What is exciting about this time as a writer with the internet and what it offers. What is (conversely) not so good about it..?

Research is quicker, sometimes.  Distraction is easier, sometimes.  Breaks – a quick gawk at Facebook or the BBC football page, or the Irish Times, or Pitchfork – are nice.  Editing by e-mail is convenient, but a bit dull.  Mobile phones are fiction hell.  Not because they go off as I work – that’s fine; the distraction is often welcome.  It’s the fact of them, that virtually everyone has one, that no one has to go searching for a working pay phone, that meetings don’t have to happen anymore – it’s taking the mobility out of contemporary stories.  It’s a challenge.  I’m glad I don’t write crime fiction – too much technology.

Do you have favorite literary websites? What sites do you find yourself going to read? Or just, your favorite web sites?

I used to have a look at George Murray’s Bookninja every day, but it seems to have gone.  I read, or glide over, the book pages of the Irish Times, the Guardian, the New York Times.  I read some of the papers – opinion pieces.  I like the BBC football – soccer – page.  I look at Pitchfork most mornings – it seems to be automatic, like needing to hold a cup of coffee before I can walk into my office.  Then I start work.  I limit myself to a few sites.  The New Yorker and New York Review of Books come through the letter box.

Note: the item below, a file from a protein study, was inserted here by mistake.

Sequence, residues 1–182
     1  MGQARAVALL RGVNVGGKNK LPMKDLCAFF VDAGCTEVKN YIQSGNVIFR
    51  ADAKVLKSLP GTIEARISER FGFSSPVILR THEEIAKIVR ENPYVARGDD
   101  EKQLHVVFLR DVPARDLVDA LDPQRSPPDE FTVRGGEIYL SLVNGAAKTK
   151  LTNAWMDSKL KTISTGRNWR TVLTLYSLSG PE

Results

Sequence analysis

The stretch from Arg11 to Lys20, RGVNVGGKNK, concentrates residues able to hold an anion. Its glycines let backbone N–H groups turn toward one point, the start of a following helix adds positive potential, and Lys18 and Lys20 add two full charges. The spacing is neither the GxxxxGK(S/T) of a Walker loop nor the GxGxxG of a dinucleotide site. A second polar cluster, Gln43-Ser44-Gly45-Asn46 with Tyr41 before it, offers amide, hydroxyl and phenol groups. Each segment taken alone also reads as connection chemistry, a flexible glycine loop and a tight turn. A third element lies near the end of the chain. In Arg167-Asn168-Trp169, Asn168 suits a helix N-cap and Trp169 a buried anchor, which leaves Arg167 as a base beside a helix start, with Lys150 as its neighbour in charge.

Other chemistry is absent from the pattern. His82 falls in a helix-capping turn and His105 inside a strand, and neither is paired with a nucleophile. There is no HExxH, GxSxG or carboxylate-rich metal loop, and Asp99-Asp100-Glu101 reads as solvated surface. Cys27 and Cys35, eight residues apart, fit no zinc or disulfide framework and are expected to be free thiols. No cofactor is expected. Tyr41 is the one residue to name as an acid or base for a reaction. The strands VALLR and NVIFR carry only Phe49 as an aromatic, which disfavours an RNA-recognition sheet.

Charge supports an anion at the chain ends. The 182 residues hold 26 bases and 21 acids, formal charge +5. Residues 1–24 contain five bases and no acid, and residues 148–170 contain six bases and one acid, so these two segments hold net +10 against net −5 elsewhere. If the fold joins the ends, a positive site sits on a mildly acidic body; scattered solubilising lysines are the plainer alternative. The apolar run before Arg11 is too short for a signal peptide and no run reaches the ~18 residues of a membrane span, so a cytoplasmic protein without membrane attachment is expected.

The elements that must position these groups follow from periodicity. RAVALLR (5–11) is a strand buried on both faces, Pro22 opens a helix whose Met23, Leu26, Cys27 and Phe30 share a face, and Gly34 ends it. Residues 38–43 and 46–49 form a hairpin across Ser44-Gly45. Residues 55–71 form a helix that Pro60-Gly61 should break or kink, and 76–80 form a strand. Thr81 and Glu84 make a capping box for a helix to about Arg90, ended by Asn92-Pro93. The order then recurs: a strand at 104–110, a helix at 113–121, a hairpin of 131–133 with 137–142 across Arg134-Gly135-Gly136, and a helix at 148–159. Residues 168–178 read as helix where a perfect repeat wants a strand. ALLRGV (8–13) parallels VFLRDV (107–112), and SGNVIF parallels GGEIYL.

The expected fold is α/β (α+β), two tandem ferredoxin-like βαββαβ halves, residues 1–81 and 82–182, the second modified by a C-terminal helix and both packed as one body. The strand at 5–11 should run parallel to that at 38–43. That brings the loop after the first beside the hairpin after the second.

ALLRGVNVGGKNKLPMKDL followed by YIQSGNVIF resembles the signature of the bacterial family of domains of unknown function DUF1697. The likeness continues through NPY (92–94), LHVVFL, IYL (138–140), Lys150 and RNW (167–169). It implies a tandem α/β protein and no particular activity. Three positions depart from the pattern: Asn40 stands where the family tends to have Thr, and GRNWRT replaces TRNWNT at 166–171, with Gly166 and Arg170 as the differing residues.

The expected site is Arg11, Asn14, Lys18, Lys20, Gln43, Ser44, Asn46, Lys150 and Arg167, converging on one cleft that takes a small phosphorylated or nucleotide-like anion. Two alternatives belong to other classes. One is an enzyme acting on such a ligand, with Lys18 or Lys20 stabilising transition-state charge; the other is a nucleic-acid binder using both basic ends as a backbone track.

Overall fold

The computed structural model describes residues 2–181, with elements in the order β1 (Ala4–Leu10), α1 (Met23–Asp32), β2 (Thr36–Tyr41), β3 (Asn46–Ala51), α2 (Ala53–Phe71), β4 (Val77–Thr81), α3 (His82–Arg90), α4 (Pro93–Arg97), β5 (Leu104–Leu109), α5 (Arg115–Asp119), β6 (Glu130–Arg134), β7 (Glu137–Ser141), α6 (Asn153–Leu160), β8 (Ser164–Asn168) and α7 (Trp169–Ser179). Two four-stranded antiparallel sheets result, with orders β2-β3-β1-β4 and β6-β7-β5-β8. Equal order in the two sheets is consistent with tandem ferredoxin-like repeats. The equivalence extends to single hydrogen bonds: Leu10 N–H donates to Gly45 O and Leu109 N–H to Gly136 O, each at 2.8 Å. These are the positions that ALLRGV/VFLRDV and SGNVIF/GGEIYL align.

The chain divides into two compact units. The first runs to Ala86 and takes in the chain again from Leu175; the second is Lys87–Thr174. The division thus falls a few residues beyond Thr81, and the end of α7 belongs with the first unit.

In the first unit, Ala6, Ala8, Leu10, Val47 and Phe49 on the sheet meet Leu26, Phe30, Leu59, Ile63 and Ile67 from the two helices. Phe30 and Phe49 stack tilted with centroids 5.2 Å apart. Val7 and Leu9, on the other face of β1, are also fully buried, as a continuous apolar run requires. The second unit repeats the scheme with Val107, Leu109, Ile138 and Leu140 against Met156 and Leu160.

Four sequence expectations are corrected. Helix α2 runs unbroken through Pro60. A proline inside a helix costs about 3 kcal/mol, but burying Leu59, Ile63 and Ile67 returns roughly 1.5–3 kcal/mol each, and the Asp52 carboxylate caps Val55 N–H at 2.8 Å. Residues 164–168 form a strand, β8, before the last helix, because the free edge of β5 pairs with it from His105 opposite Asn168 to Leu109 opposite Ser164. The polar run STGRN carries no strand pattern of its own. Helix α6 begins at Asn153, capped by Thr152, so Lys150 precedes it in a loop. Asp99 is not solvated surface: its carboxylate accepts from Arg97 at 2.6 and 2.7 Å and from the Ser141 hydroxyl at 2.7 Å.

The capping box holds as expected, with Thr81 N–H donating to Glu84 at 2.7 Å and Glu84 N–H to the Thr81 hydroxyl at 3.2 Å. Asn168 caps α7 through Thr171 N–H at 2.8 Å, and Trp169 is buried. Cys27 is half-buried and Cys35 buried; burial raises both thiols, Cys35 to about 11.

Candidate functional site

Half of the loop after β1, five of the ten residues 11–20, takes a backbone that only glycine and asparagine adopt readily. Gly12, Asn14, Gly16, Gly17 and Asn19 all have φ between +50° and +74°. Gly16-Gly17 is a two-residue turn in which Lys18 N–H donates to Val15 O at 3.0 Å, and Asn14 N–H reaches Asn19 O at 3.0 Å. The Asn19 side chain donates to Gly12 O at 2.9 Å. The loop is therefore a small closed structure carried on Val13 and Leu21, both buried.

Any favorite writing exercise would be hugely appreciated.

I don’t have any.  I just write.  I don’t even keep a diary.  I don’t want to write after a day’s writing.  ‘Today I wrote.’

What writers, artists, musicians (dead or alive) do you turn to again and again for inspiration?

I have music on as I work, unless I’m editing.  Philip Glass, Steve Reich, Brian Eno, Hauschka, Brian McBride, Tim Hecker, Arvo Part – I owe all these people a pint – each – because their work has got into my fingers.  At the moment I’m listening to Dexy’s Midnight Runners’ ‘Searching For the Young Soul Rebels.’  It seems to be doing the trick.  Literature: Dickens – I read or re-read him, a book or two a year, to remind myself about why I write, and love writing.  Any good book excites me, makes me want to write.  I’m reading all of Kate Atkinson’s books at the moment.  She’s brilliant – now there’s a writer who knows how to make mobile phones entertaining and useful.  I work with teenagers, and I find watching them work very exhilarating.  I told them last week how much I enjoyed seeing anxiety on their faces.  They got it.